The Saudi Government must do more to regulate insurance companies and ensure that low priced insurance policy prices don’t lead to the bankruptcy of hospitals, according to Sobhi Batterjee, the Chairman of Saudi German Hospital Group.
Health insurance companies have "become a main player” in the Saudi healthcare sector which sometimes ends up deciding the fate of hospitals and whether they survive or go bankrupt, adding that insurance companies have been pressuring hospitals to lower prices due to their purchasing power, Batterjee said in an interview with Arabian Business Arabic.
He said this has resulted in an exodus of smaller players in the healthcare sector and he called on regulators to step in to control and balance this tenuous relationship, since even insurance companies are falling victims to these practices, leading to bankruptcy.
"We demand stability in the work of health insurance companies. That could be accomplished by setting an acceptable minimum insurance policy price,” he added, according to Arabian Business.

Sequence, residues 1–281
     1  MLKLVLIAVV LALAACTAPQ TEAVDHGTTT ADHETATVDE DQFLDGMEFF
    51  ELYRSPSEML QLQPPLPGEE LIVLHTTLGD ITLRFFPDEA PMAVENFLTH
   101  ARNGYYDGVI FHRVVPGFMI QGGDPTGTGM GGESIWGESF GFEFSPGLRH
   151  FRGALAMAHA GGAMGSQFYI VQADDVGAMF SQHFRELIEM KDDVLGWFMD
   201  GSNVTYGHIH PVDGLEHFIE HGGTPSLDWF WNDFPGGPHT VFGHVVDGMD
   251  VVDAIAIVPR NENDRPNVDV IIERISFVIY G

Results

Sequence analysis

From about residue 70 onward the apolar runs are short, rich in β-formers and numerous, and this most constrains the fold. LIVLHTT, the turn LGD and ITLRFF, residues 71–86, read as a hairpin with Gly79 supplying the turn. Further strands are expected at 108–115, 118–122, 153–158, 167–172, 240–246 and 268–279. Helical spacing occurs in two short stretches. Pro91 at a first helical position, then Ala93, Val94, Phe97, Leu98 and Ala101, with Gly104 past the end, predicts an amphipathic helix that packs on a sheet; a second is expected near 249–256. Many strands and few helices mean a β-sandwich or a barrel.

Around 30 health insurance companies are currently competing for Saudi market share and Batterjee said driving prices down to achieve this could damage their industry and the healthcare sector in the long run. He added that the situation is similar, though to a lesser extent, in other GCC markets, but ultimately the healthcare sectors across all markets are heading towards facing the same challenges.
He added that Saudi citizens will soon be covered by insurance in hospitals run by the Ministry of Health that are soon to be privatised, and the only option for family businesses in the healthcare sector, or any other sectors, is to go public to survive, Arabian Business reported.
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